Cyclists skim the shoulders for slippery gravel and sharp rock; The sticks; low branches; broken glass; potholes; kill on the road; garbage and trash flying out of cars and truck beds. Manhole and utility covers are sticking or missing. Wet leaves and painted lines can cause you to skid. Vehicles pull out of driveways and cross stop signs on our way. Cyclists ride in the safety of a group for good reason.

We face additional dangers created by those few drivers who find it amusing to harass cyclists. The vans discharge us of their exhaust fumes. Some throw objects, honk their horns or shout profanities. Distracted drivers regularly approach so close that we could reach out and touch them as they pass. Even quiet back roads are busy with high-speed vehicles that often use both lanes. Our weekend rides can be near-death experiences.

Cyclists ride on the shoulder with all these physical dangers unless there is no shoulder to take. Most drivers are accommodating, but it only takes one. We’re not riding to slow you down, but maybe you should slow down anyway. Honking and insulting us at 8 a.m. on a Saturday morning? Relax and share the road. Please ride safe everyone!

Virginia Olson, Arnold

Olson is a member of the Annapolis Triathlon Club

I have read K. McMahon’s letter to the editor, and I also feel the pain of the lack of responsiveness of government employees. This year, I called the county offices several times to be told that the employees were working from home and would call me back when they got back to the office. I left messages on answering machines and never received a return call.

Anne Arundel County closed for COVID in March 2020, so the county executive had over two years to resolve issues with phone service, equipment, employee scheduling, and customer service. He is now in a pickle. He can potentially lose county employee votes by forcing them back into office or he can continue to allow county employees to work from home and lose taxpayer votes.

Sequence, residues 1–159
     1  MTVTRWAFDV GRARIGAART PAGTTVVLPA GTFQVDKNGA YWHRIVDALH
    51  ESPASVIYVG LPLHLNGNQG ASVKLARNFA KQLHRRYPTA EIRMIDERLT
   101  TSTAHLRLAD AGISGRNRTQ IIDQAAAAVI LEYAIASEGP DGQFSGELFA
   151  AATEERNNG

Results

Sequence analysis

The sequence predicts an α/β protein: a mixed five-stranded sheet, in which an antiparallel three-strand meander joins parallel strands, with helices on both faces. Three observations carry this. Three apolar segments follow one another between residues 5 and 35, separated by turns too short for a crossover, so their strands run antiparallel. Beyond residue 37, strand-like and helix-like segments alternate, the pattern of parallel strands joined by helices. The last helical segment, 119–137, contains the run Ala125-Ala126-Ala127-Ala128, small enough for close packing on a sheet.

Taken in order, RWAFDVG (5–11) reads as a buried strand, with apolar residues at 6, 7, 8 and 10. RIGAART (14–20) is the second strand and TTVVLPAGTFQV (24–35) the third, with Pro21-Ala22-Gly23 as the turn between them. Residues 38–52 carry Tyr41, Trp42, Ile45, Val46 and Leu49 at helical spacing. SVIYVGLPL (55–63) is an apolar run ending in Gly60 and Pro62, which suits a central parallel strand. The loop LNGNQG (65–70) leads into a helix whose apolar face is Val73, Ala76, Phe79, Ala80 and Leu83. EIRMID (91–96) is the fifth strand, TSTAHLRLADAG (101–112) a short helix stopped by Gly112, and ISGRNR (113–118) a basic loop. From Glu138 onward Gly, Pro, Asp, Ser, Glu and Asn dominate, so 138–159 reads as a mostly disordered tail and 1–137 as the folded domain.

The county executive was elected (hired) to make executive decisions and to keep the county open. Are the past two years a review of what to expect in another term? Just food for thought.

Helene C. Raven, Annapolis

K. McMahon’s letter lamented the county’s failure to honor a Homestead credit in 2021 for a home purchased the same year. But the first condition for benefiting from the credit is that the ownership of the property cannot have changed during the previous tax year. In other words, one can claim this credit at any time, but the credit is not effective until the property’s second tax year, or in this case, 2022.

In my opinion, it is unfortunate that the McMahon letter was published, or at least published without an editorial explanation of the matter. I believe the person selecting the letters for publication should have pointed out the problem, educated the author, and then asked if the author still wanted the letter published.

J. Manheim, Edgewater

Yesterday I attended our grandson’s baseball game at Gambrills. I had the pleasure of sitting down with my family as well as Andrew Pruski’s family. Andrew and his wife are truly a family of educators. Andrew’s wife has certainly proven herself to be a hardworking teacher and assistant principal at Chesapeake Middle School and now Old Mill Middle South. Andrew worked very hard serving his district on the county council. In fact, I spoke at a council meeting in February of this year about a bill regarding safe schools. I’m retired now, but I taught public schools in our county for 31 years. At this meeting, I was impressed by Andrew Pruski. He spoke very wisely about school safety and protecting our first responders. Andrew is truly a real asset to the district he serves. If you reside in District 33A, please consider Andrew Pruski when voting.

Carolyn Smith, Severna Park

The primary election took place in July, but signs of unelected and elected candidates continue to litter our roads. I believe county and city codes require the removal of campaign signs several days after the election. I understand the logic that candidates running in the general election may want to keep their signs, but to those who lost and are not running in the general election, please remove those signs.

Peter Sheil, Annapolis

Am I the only one tired of hearing the moans of those who are perpetually wronged? I read every day about some group or another asking for special treatment, accommodation or acknowledgment for perceived mistreatment – ​​real or imagined – and nothing ever seems to satisfy them. Maybe the problem is not with others. How about sucking it, putting on your big boy pants and living on. Learn how to deal with the obstacles, limits or obstacles that life has thrown at you and show how resilient you can be. Because otherwise, you just look like angry babies.

Peter Tutini, Annapolis